Today's laptops are pretty rugged... They are called "Industrial
Strength" in old school parlance.
Ever see a 'Tough' laptop? There are some that are made for extreme environments.
Militaries around the world have some really nice notebooks that can take heat, cold, water, mud, or almost anything that isn't caustic or acid based.
In the late 1960's and early 1970's there was a saying in TV ads that if
something was stronger or made to last longer than a normal product it was
Such as a certain type of soap or detergent, or a device such as a drill.
This "Industrial Strength" product was stronger, could take more abuse, or would
out last the normal run of the mill product. I would say in the old school of
thought that these very rugged (and expensive) notebooks are "Industrial
Cool, no? If you want to see some of them being tested just do a search on YouTube for 'Tough
notebooks' some of the videos are from manufactures others are from people with too much money and time on their hands...
A while back I wrote an article about dumping your drink in your desktop/tower computer and what happens when the liquid hits a component when the computer is powered up, not pretty and definitely not cheap!
Notebooks are a little different when it comes to dirt and dust, the case is sealed fairly well and in a normal environment not much will get inside with the exception of the heat sink and fan for the processor, these have to have access to fresh air to cool down the processor. The fan also draws air in to any opening in the case such as around the keyboard, the CD/DVD and a few other places.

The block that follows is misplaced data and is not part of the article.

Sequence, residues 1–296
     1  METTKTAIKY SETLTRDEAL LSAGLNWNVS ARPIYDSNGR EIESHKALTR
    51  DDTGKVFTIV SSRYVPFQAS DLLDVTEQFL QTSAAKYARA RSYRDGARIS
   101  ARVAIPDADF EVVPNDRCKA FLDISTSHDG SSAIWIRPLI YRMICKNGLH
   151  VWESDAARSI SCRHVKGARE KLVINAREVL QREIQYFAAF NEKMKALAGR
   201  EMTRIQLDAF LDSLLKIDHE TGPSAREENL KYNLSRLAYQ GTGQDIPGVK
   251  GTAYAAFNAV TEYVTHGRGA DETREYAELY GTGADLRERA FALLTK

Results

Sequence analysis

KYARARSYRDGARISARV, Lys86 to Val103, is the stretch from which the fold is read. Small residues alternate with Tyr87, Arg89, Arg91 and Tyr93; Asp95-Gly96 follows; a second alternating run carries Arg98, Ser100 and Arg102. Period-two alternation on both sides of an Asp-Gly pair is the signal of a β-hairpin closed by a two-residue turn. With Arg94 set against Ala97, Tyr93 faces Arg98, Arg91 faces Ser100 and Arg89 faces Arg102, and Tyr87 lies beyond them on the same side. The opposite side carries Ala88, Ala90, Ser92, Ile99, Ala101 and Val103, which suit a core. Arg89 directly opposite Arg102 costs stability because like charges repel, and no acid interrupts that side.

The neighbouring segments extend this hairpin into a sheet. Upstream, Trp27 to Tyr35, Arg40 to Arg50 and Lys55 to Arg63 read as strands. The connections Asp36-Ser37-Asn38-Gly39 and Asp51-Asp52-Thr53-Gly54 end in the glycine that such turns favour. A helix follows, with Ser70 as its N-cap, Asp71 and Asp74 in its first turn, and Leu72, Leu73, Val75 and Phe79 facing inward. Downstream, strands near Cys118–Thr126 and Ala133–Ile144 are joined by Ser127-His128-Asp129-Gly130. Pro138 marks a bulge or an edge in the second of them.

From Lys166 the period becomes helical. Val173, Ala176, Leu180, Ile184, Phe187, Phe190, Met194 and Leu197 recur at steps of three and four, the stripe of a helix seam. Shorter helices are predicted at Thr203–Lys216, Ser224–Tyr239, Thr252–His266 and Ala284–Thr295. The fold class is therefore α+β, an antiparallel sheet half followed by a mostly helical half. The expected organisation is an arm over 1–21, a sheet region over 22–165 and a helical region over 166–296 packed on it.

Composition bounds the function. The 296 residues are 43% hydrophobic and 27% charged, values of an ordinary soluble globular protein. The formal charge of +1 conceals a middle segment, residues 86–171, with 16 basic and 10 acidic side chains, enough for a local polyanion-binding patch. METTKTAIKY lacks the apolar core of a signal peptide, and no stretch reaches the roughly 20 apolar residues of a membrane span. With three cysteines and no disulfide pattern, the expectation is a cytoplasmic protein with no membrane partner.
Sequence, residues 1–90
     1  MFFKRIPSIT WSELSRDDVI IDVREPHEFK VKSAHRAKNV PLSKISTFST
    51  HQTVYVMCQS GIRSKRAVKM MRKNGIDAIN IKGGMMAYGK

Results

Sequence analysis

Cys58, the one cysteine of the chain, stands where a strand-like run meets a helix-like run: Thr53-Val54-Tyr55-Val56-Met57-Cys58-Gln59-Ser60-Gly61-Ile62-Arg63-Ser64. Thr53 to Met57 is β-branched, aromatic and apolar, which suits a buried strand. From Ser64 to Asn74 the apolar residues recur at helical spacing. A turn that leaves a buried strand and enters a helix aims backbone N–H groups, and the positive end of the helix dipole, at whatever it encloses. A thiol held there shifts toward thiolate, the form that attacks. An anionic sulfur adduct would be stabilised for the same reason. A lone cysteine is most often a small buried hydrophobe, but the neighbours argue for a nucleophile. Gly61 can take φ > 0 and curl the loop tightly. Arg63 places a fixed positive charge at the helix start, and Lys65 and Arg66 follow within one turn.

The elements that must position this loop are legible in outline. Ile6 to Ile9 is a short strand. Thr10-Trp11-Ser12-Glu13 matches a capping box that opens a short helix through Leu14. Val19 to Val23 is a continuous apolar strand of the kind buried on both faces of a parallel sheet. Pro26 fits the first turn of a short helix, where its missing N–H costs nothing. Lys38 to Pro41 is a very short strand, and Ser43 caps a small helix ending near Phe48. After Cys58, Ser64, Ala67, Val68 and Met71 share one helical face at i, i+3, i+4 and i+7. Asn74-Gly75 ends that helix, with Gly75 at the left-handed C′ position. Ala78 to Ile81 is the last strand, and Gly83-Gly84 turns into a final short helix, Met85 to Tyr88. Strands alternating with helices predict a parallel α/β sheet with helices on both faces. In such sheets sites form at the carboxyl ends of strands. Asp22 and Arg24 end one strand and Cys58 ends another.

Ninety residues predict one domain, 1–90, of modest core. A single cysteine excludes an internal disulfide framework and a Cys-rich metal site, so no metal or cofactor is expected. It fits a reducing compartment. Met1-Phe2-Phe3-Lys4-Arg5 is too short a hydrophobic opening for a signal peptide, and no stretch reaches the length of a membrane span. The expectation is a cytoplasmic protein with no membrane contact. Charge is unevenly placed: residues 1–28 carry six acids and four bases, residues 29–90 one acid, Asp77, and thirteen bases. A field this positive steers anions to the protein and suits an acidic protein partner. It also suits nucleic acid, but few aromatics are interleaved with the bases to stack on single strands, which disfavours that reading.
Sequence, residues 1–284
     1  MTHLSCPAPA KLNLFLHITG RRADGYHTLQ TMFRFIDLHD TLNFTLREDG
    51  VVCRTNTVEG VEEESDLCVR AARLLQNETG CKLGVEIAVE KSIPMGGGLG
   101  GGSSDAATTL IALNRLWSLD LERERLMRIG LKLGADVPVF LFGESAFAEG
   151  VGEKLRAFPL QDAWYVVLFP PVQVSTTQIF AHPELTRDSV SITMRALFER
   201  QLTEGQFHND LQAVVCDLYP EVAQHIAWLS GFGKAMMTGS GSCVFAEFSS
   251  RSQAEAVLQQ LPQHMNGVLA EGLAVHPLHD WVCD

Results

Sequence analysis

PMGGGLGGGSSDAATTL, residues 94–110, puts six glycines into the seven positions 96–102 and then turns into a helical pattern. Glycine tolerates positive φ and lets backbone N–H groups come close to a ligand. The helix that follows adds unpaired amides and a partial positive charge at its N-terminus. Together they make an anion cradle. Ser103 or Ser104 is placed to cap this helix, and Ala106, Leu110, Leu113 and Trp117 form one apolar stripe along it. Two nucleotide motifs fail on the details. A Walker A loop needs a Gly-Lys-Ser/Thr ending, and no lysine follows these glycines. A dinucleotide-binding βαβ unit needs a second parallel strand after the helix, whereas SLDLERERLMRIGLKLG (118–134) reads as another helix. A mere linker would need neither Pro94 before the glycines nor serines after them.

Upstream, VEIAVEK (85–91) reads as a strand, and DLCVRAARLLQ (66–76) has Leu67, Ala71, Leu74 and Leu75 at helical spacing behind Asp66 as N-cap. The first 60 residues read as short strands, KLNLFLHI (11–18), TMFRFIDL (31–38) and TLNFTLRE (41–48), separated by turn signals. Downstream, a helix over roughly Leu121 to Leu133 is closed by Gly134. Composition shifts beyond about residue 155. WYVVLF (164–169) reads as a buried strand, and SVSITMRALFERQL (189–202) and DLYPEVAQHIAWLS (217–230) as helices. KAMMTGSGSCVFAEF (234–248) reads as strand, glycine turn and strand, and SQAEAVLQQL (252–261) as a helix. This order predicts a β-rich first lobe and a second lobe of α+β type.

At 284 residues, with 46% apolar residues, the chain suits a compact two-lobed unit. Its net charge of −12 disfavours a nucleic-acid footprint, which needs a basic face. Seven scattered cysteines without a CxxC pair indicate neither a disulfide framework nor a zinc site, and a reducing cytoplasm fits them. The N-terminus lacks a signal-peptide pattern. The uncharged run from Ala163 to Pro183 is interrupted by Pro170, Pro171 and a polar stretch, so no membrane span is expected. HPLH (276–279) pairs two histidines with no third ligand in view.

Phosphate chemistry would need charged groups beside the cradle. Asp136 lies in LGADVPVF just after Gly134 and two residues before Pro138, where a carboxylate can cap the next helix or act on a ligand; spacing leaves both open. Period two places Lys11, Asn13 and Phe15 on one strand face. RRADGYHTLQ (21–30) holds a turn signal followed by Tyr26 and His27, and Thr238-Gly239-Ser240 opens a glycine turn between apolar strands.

For the most part any liquid dumped on a closed laptop will flow off and only the exterior will be
affected, some newer computer cases have a 'clear coat' over the plastic and even soda won't stain it.
But if you dump the liquid in the keyboard the keyboard may be ruined. Each key cap has a rubber gourmet around the plunger (this is what brings the key back up, some also have a small spring) that goes through the keyboard base to a connector made out of carbon. When the key is pressed the plunger makes contact with the carbon connector trace, the amount of resistance will tell a processor what key was pressed and you see a letter appear on the screen. Cool, no?
But if too much liquid is dumped on keyboard it could get past the gourmet and leak down in to the carbon, this will ruin the resistance factor of the carbon, you will have to replace the keyboard.
Troubleshoot, repair, maintain, upgrade & secure...
If the liquid has sugar such as coffee, soda, tea, etc then there is no way to clean out all that sugar; your keys will stick all the time, replace the keyboard.
An additional fact about giving your notebook a drink - If enough liquid gets past the key gourmets in to the carbon under the key plunger then it will also get inside the computer.
You have a chance to limit the damage by powering down the computer as soon as possible, then remove the
notebook battery. By doing this you may only have to clean a little liquid out of the inside of the
notebook and buy a new keyboard.
Older or abused laptops
are more accessible to liquids seeping in to the interior because the case may
have cracks, this will allow liquids to enter, if you have a crack in the case
you can try to glue the case but in my experience the cases are made from an
impact resistant type of plastic and super glue will not work.
If anyone has done a repair that succeeded then tell us what you used, I have
two old IBM's that the cases are broken in various places.
Your laptop needs power surge protection as much as a desktop however it really doesn't need a UPS (Uninterruptible
Power Supply) like a desktop because it has it's own built-in battery. Now if you use the
notebook also as a desktop then the external peripherals (monitor maybe the keyboard and mouse) will need a UPS or just use the
notebook video, keyboard, and mouse while the power is out. If you don't have a surge suppressor then unplug the AC cord from the power outlet (socket) and then wait five or ten minutes after the power has been restored before plugging it back in to insure the surges are over. (Who carries a surge suppressor when they travel?)